Paris: Myth and Reality in the 19th century - FR593

Location Term Level Credits (ECTS) Current Convenor 2017-18 2018-19
Canterbury Autumn
View Timetable
5 15 (7.5) MS SL Cooper

Pre-requisites

Students registering for this module will need to have proficiency in the target language at level B1/B2, as the module is taught partly in the target language

Restrictions

This module is not available as a wild module

2017-18

Overview

Among the capital cities of Europe, Paris has a particularly rich and interesting history. In the revolution of 1789 and subsequent political upheavals in the course of the nineteenth century (1830, 1848, 1870-71), the city played a key role in deciding the fate of the nation. In the same period, it grew dramatically in size and emerged as a modern metropolis. Widely divergent views were expressed as to the wholesomeness of city living; opinion differed equally violently among writers as to the benefits to be derived from the explosive growth of the city. The module will examine conditions of life in the real Paris of the 19th Century and in particular the radical and highly controversial changes to the face of the city brought about during the Second Empire under the direction of Baron Haussmann. The main focus of the module, however, will be the images of the city as mediated in contemporary fiction (Balzac and Zola amongst others), poetry (Baudelaire) and painting (Manet’s vision of city life).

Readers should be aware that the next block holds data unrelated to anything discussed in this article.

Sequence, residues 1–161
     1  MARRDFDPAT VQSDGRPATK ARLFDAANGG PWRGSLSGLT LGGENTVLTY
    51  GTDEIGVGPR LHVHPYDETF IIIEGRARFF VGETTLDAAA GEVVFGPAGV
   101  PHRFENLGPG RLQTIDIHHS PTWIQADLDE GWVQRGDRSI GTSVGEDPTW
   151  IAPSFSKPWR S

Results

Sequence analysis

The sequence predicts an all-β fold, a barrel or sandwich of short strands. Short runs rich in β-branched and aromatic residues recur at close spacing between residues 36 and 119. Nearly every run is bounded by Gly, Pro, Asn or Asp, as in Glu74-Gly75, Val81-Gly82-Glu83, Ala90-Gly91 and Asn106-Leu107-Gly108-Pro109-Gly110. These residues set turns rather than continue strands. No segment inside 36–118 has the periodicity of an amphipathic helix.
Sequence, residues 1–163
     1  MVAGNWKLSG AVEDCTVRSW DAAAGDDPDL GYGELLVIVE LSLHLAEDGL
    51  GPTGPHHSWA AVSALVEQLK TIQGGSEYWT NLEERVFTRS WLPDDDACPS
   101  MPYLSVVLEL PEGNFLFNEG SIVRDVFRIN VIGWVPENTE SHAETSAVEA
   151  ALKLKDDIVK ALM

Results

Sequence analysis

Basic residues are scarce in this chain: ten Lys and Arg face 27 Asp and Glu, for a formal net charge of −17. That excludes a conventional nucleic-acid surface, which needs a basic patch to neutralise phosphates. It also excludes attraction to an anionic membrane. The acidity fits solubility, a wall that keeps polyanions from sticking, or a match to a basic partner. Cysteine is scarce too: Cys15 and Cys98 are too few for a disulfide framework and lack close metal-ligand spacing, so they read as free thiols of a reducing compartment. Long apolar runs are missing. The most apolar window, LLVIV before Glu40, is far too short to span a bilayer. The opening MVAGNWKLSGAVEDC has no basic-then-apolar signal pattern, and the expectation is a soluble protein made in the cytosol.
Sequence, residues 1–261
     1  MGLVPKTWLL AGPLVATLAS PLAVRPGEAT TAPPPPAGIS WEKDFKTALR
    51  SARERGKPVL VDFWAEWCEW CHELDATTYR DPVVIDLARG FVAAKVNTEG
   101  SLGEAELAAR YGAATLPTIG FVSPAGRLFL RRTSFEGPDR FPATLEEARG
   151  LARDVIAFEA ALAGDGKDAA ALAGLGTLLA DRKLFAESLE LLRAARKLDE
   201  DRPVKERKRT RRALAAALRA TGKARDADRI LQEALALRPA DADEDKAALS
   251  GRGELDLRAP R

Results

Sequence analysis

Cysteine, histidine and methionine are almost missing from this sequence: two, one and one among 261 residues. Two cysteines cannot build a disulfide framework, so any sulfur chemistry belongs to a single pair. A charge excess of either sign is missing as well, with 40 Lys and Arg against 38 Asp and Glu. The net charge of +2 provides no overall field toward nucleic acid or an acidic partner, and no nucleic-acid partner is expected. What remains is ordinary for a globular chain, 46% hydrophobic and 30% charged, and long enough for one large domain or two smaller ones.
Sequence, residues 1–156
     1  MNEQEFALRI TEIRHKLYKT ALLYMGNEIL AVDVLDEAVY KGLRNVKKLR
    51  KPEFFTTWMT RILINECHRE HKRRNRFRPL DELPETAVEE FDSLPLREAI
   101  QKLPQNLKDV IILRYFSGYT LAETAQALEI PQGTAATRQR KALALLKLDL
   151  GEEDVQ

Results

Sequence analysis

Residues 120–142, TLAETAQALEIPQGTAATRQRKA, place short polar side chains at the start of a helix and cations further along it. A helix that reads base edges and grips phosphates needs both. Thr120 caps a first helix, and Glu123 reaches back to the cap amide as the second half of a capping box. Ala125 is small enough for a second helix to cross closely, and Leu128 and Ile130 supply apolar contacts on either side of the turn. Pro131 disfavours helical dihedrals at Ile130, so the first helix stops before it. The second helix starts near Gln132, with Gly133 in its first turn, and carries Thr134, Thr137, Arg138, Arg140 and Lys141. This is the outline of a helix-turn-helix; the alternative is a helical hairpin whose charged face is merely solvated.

Details

This module appears in:


Contact hours

One weekly one-hour lecture and one weekly one-hour seminar for 10 weeks

Method of assessment

100% Coursework

Preliminary reading

Indicative Reading:

BALZAC - 'Le Père Goriot'
MAUPASSANT - 'Bel-Ami'
ZOLA - 'Nana'
BAUDELAIRE - 'Tableaux Parisiens' in 'Les Fleurs du Mal'

See the library reading list for this module (Canterbury)

See the library reading list for this module (Medway)

Learning outcomes

Students who successfully complete the module will:

1. have gained a critical appreciation of a wide range of literary and visual works produced in France during the nineteenth century;
2. have explored the literary, artistic and historical background of the works studied, and have assessed and critically analysed the complex links between Paris as a real city and its representation by writers and artists;
3. have developed their analytical skills relating to close reading and evaluation of literary texts;
4. have developed their reading speed in French.

University of Kent makes every effort to ensure that module information is accurate for the relevant academic session and to provide educational services as described. However, courses, services and other matters may be subject to change. Please read our full disclaimer.